Sadafumi Uchiyama (Fig. 1) is a landscape architect and the Chief Curator and Director of the International Garden Training Center at the Portland Japanese Garden. His responsibilities in Portland include maintenance of the garden; designing changes and additions to the garden, including those that surround the new Cultural Crossing expansion project and its Cultural Village (Fig. 2); training local staff; and conducting educational programs to promote a better understanding of the Japanese gardens and the culture that inspired them. Prior to his appointment as Garden Curator in 2008, he served as a Vice President on the Garden’s Board of Trustees.
Figure 1. Sadafumi Uchiyama in the Portland Japanese Garden.
The Portland Japanese Garden is “one of the most beautiful and authentic Japanese gardens in the world outside of Japan.”
-His Excellency Nobuo Matsunaga, Former Ambassador of Japan to the United States 1
In 2018, Cranbrook Center for Collections and Research commissioned Uchiyama to design a master plan for the rehabilitation of the Cranbrook Japanese Garden (Fig. 3). The master plan was completed the following fall and unveiled during a public program at Cranbrook on October 13, 2019.
Figure 2. Sadafumi Uchiyama, Designer, Cultural Village Creek, Portland Japanese Garden
Born in 1955 in Fukuoka Prefecture in southern Japan, Uchiyama grew up in a family of professional gardeners, learning the craft from a very early age. Initially hesitant to follow the family trade, he graduated from high school and went to Tanzania with the Japan Overseas Cooperation Volunteers where he worked on reforestation projects. He then traveled to Yemen with what is now the Japan International Cooperation Agency. He eventually returned to his roots, however, and left Japan in 1988 to study landscape architecture in the United States, earning both Bachelor of Landscape Architecture and Master of Landscape Architecture degrees at the University of Illinois.
Now a third-generation Japanese gardener and a registered landscape architect in Oregon and California, Uchiyama is devoted to fostering connections among gardens in Japan and worldwide. He served as one of seven founding members and the Secretary of the International Association of Japanese Gardens (IAJG) from 1996 to 2000. Since 2009, he has been involved in the development of the North American Japanese Garden Association (NAJGA) for which he serves as a Charter Member of its board and editorial board and co-organized the Association’s international conference in Portland in 2018.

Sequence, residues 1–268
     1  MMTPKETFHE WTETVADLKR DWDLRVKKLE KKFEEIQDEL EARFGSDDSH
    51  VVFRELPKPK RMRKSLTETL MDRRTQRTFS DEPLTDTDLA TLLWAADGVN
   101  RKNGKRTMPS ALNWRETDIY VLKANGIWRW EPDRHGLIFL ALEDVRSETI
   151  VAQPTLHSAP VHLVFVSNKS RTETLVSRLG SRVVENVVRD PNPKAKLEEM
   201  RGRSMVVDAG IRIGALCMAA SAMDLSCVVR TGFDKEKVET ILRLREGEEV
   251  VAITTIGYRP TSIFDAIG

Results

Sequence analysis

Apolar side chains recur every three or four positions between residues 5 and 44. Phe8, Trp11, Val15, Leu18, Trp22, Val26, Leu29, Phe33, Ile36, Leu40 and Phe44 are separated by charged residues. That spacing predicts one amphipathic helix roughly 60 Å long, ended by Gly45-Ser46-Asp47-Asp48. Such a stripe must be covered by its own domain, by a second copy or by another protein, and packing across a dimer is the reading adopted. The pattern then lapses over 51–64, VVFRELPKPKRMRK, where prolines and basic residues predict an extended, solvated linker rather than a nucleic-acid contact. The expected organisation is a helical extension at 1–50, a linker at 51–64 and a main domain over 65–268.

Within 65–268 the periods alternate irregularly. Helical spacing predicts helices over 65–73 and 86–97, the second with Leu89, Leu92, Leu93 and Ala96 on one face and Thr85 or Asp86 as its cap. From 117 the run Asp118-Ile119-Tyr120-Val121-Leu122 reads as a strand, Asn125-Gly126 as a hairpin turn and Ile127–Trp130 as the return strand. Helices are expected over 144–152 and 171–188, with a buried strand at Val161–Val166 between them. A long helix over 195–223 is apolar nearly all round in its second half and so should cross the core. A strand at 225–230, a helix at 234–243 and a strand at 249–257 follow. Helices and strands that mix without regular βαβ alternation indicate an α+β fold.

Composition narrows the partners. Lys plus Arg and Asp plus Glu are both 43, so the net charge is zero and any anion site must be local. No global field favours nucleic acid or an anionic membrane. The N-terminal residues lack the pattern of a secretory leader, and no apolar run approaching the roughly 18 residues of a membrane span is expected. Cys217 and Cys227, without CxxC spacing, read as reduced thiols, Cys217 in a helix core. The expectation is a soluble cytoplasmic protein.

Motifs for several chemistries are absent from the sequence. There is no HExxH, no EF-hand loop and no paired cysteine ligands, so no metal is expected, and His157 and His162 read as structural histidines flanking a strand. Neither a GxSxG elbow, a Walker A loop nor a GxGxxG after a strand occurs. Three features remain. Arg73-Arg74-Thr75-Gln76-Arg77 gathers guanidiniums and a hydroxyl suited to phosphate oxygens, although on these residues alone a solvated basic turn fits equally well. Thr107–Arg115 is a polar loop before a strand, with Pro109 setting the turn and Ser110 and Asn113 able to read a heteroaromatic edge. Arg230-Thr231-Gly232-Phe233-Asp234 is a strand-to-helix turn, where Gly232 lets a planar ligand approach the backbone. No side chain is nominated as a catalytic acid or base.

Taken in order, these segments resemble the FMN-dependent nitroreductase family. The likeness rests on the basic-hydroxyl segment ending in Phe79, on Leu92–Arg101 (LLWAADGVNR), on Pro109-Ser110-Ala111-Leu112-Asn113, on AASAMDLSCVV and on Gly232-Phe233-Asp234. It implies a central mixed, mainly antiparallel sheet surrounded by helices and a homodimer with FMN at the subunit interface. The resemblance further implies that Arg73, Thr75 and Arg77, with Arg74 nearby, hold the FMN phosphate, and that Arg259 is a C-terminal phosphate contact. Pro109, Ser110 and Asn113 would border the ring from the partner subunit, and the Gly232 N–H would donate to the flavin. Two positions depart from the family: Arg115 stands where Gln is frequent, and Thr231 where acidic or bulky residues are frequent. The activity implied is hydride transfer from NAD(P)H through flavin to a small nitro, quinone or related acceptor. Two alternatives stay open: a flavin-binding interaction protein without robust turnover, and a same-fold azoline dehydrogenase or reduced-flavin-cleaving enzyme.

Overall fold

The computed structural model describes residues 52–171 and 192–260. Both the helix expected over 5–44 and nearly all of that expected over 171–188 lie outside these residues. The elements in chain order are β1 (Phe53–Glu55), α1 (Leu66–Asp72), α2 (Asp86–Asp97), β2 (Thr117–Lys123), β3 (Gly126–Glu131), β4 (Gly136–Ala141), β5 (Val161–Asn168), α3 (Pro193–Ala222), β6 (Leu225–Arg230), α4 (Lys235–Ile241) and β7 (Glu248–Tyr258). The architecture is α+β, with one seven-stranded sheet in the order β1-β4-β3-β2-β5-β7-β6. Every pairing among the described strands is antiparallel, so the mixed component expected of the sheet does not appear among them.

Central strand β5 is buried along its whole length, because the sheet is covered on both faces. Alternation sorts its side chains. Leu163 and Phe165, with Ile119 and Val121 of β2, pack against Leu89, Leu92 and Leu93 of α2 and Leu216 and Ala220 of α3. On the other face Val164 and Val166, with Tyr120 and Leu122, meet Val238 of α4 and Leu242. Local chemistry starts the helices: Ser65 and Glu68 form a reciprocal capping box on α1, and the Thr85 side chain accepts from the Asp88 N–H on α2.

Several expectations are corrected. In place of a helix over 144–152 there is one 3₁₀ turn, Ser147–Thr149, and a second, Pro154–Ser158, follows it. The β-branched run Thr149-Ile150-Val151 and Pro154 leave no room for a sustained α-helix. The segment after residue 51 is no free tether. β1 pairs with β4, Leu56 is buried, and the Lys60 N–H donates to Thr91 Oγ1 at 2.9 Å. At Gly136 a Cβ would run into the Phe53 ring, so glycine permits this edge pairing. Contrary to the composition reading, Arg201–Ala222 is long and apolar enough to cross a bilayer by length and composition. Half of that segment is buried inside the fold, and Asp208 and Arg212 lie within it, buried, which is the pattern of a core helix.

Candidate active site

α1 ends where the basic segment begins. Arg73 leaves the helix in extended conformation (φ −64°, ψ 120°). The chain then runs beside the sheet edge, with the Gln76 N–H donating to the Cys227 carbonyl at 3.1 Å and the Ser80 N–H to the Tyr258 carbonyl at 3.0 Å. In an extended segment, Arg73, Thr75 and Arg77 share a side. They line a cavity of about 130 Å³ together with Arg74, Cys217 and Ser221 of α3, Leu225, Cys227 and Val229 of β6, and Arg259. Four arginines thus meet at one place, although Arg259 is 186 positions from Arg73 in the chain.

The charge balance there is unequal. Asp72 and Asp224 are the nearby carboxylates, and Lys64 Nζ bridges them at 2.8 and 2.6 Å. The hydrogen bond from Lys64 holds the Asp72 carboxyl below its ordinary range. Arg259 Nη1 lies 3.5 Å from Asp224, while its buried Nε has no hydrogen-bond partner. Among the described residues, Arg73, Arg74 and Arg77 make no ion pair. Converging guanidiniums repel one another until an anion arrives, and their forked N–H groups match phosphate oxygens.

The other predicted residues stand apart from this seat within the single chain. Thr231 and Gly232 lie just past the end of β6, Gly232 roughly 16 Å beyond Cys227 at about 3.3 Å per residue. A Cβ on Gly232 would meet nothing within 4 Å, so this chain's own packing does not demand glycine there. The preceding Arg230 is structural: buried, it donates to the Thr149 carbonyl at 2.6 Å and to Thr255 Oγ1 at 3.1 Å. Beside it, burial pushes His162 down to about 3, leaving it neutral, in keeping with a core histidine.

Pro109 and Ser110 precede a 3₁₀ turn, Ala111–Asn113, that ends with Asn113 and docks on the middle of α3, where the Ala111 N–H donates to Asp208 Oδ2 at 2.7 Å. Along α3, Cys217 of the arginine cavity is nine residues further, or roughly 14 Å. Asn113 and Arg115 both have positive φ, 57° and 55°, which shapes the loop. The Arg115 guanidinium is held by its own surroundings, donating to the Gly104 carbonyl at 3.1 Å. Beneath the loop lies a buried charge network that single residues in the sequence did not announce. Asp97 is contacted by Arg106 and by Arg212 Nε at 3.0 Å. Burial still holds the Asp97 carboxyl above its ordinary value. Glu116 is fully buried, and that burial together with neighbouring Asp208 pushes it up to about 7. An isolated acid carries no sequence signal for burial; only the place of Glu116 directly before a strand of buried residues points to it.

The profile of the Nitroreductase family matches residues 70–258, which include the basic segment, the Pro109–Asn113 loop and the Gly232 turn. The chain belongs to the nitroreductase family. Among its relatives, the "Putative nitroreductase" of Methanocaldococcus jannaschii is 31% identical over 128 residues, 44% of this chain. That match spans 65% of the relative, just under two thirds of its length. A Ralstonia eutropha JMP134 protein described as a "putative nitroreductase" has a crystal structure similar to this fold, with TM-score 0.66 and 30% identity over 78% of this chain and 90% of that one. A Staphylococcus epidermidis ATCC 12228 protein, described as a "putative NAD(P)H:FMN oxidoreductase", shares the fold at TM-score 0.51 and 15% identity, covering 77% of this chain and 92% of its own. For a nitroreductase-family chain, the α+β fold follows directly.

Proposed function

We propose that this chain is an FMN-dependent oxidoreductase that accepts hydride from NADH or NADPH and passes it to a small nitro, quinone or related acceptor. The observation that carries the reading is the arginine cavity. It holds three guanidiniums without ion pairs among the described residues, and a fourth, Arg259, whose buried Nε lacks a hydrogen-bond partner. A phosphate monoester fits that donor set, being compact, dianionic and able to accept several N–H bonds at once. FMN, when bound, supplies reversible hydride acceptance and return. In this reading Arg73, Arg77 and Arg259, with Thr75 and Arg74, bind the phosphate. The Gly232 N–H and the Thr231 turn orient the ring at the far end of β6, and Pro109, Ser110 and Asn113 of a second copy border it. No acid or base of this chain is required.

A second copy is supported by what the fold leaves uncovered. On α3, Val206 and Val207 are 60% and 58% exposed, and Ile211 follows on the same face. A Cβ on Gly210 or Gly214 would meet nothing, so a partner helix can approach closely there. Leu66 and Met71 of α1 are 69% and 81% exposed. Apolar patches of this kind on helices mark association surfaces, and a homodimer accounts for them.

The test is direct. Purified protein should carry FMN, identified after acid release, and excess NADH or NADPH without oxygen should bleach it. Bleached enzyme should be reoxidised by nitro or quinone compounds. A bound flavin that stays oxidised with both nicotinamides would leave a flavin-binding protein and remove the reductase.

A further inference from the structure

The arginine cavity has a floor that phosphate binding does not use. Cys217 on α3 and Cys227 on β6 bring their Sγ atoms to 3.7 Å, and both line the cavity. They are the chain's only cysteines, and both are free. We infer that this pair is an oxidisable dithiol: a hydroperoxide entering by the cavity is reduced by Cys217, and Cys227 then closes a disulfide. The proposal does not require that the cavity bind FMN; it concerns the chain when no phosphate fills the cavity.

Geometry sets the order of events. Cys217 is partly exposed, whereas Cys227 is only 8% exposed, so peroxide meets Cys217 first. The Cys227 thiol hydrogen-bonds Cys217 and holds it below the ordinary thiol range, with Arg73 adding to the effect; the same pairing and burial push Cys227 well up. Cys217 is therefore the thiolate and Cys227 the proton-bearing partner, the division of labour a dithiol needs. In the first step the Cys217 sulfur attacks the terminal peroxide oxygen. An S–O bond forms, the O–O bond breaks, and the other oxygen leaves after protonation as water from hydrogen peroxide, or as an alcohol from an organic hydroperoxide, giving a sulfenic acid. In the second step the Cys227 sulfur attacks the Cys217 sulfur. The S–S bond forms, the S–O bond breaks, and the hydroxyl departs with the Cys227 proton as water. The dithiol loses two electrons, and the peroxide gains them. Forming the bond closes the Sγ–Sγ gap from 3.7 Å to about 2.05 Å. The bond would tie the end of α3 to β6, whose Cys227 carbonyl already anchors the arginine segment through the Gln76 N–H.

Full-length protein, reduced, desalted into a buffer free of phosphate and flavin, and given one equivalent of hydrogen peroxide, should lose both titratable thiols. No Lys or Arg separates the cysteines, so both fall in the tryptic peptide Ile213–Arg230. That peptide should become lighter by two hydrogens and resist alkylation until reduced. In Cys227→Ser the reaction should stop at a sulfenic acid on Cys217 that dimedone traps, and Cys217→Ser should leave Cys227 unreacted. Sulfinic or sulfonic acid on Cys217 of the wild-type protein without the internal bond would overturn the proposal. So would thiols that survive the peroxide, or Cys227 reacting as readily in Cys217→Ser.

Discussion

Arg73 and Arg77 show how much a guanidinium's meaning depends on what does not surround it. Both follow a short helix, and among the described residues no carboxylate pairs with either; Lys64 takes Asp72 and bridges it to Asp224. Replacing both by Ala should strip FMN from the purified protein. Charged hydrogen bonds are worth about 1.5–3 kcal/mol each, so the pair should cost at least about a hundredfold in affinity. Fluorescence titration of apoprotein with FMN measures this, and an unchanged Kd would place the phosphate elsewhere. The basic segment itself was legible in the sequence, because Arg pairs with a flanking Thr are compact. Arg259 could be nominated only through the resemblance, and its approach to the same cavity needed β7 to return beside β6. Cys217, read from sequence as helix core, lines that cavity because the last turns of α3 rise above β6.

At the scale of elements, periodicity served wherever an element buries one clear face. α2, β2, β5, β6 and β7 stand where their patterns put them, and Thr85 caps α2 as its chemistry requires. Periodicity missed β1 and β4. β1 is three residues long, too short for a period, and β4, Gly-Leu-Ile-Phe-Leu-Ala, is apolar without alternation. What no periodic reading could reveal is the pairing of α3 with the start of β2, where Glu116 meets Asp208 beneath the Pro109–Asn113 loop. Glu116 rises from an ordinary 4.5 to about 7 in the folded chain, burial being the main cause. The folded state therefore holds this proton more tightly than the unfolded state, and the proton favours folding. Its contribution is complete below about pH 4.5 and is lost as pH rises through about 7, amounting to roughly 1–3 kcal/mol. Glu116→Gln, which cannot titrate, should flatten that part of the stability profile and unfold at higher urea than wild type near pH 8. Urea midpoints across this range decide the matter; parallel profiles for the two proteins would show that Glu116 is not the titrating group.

"The Japanese Garden was born some 1,200 years ago, and we’ve carefully nurtured it for all these centuries. But perhaps Japan just happens to be its origin, and it is really destined to be shared with the world as a whole. So it is important to realize that the Japanese garden is not a garden by and for Japanese people only, but embodies a universality that transcends cultural boundaries."
-Sadafumi Uchiyama 2
Figure 4. Sadafumi Uchiyama, Designer, Restoration Master Plan, Osaka Garden, Jackson Park, Chicago.
Uchiyama has taught landscape design courses and lectured on Japanese gardening at colleges and public gardens throughout the United States and Japan. His writings have been featured in the Journal of Japanese Gardening, Garden Design, Fine Gardening, Inspired House, Luxe Magazine as well as professional journals in Japan. His representative projects include the renovation of the Osaka Garden, the site of the 1893 Great Columbian Exposition at Jackson Park in Chicago (2000 to date) (Fig. 4), and the Shofu-en of the Denver Botanic Gardens (2001 – 2012). Most recently, he completed the Shoun-Kei Japanese garden at Sarah Duke Gardens at Duke University (2015) and the Rolex Headquarters in Dallas (2015 – 2018) in collaboration with Japanese architect Kengo Kuma, who also designed the Cultural Village as part of the Cultural Crossings project at the Portland Japanese Garden.
In 2018, Sadafumi Uchiyama received the highest award given by the Garden Society of Japan on the occasion of the Society’s 100th anniversary. The award, the “Jury Commendation/Exceptional Achievement” or Shinsa-in Tokubetsu-sho, recognizes Uchiyama’s designs for large-scale and commercial or public landscapes. Normally bestowed upon Japanese designers living and working in Japan, it was the first year the grand prize was awarded to a Japanese garden designer living and working outside the country.
Sadafumi Uchiyama (Fig. 5) lives in Portland, Oregon, with his wife and son.
Cranbrook Center for Collections and Research
2. In Conversation with Uchiyama Sadafumi: "Conveying the Heart and Soul of the Japanese Garden." Interview conducted by Sasayama Yuko (Program Department, International House of Japan), November 27, 2014. Copyright International House of Japan. An English translation of the interview is available at: www.i-house.or.jp/eng/programs/ihj-world05/.